Will you try an on-farm trial in 2024?
Farms can run their own research trials to test how a particular practice or product performs in the local environment. On-farm trials could test, for example, the difference between 100 pounds and 150 pounds of nitrogen fertilizer per acre, or between acres treated or untreated with fungicide. They can also evaluate performance differences between new and familiar cultivars and the return on investment for novel products.
If you’re interested in trials, start with the Canola Watch Fundamentals article Quick tips for on-farm trials.
One tip from the article: Get advice. Agronomists with experience in trials could provide help on set up, harvest and evaluation. Agronomists may also have weigh wagons or know how to get one.
How can farmers produce more without adding more acres?
Canola Digest magazine connected with four experienced agronomists and asked them all the same question: How can farmers grow more crop on the same land base? Here are short excerpts from each and links to the full articles:
- Dale Fedoruk, Elite Environmental Ltd., Red Deer, Alberta: Timing is one of those input decisions that does not cost any more to do, but the payback for timely tasks can be very rewarding. The whole article
- David Cubbon, agronomist, Meadow Lake, Saskatchewan: Producers have asked me for the magic bullet to grow a 70-bushel canola crop. I haven’t found one. No one management practice by itself will give top canola yields. Farmers who grow top yields pay attention to detail and use the science available. The whole article
- Tanis Sirski, retail territory manager with Corteva Agriscience, Grandview, Manitoba: Growers who achieve consistent top-level yields have the machinery prepped and inputs on hand so they’re ready when good seeding, spraying and harvest conditions come along – but they’re not waiting for perfect conditions. The whole article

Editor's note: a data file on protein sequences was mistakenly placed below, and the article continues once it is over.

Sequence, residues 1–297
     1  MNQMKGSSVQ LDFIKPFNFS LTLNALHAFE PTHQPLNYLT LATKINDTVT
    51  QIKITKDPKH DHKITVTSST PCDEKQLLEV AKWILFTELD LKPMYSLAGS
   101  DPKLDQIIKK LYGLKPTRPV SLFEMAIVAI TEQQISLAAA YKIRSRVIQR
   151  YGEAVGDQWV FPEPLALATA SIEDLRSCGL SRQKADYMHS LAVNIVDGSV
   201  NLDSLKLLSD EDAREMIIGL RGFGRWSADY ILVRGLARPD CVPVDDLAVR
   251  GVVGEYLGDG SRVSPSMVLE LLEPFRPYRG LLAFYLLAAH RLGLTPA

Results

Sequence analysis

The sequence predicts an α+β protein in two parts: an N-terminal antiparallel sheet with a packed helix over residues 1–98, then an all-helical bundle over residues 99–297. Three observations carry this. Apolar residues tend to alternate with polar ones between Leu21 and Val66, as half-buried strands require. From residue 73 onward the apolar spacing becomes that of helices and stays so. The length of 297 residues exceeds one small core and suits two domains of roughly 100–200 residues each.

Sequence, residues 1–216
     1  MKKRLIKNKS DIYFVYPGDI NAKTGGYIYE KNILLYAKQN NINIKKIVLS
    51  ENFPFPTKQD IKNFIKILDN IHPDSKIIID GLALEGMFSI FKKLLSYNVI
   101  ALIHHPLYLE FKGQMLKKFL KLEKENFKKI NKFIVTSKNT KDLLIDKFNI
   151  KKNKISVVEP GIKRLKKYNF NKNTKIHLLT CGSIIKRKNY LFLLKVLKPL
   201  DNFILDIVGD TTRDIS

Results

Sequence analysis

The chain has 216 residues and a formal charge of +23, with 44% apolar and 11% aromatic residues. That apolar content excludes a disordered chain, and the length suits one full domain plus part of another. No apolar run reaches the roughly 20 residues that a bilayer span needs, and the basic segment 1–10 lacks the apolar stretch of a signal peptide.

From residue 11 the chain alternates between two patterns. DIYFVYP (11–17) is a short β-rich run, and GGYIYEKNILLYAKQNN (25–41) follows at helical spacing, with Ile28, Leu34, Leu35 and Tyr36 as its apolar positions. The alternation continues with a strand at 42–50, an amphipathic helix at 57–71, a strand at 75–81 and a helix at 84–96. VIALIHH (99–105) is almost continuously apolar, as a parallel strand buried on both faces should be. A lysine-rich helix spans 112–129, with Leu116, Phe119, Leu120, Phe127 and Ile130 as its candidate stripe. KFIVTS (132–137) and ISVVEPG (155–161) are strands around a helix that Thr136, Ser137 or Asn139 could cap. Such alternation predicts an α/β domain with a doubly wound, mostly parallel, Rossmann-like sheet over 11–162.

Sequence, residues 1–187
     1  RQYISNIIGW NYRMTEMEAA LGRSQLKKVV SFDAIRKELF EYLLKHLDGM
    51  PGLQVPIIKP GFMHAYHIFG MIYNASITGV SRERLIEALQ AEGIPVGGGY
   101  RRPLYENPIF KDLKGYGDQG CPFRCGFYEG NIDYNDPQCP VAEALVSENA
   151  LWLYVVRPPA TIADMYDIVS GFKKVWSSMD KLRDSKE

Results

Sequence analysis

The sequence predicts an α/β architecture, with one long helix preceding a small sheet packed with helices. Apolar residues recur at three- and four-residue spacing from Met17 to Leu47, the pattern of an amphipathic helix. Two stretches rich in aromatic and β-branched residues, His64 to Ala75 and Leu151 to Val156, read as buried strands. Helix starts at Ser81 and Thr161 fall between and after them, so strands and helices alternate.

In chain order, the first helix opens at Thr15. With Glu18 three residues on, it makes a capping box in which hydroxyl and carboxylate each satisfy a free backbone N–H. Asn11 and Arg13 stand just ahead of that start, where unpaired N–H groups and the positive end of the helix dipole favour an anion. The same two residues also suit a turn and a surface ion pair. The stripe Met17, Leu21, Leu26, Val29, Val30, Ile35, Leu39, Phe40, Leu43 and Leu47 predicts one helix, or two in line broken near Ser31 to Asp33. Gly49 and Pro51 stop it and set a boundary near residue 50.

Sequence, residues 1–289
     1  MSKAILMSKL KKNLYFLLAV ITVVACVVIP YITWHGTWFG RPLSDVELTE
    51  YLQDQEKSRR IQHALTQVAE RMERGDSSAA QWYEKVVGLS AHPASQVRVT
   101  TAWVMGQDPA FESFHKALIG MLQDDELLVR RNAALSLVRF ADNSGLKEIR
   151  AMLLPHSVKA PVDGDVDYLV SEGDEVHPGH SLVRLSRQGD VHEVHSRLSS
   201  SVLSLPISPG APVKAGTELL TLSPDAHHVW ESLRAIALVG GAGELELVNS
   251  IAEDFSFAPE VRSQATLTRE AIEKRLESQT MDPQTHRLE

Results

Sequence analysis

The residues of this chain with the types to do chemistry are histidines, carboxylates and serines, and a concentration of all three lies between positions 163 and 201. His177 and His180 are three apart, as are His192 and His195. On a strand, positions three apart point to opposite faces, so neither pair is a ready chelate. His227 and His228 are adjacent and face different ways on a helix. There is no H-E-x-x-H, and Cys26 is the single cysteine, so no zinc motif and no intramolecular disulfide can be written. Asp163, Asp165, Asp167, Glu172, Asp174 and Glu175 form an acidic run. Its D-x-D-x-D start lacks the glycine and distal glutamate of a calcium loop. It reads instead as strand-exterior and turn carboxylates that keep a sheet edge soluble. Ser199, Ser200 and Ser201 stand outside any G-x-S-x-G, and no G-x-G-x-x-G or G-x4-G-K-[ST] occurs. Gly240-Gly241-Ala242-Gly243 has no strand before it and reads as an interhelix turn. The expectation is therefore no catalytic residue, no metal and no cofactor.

- Curtis Littlewood, Advantage Agronomy & Consulting Services, Leduc, Alberta: To grow more canola on the same land base, choose cultivars with disease resistance that matches the needs of the farm, use a fertilizer rate that supports the field yield goal, and prepare the land for strong emergence. The whole article
Who is presenting at the Canadian Crops Convention?
Speakers at this year’s Canadian Crops Convention, March 5-7 at the Fairmont Winnipeg, include John Stackhouse from RBC, Alyssa Whitcraft from NASA Harvest, David Frum from The Atlantic, David Herle, political strategist and podcaster, and more. The Canola Council of Canada and Canada Grains Council co-host the convention, which gives attendees the chance to network with other industry members, learn from expert speakers and share ideas to help Canada lead the way on important global issues. Register by January 17 and be entered in the draw to win a four-pack of Apple AirTags. Find more details on the 2024 Convention and register today at canadiancrops.ca.
Or go here.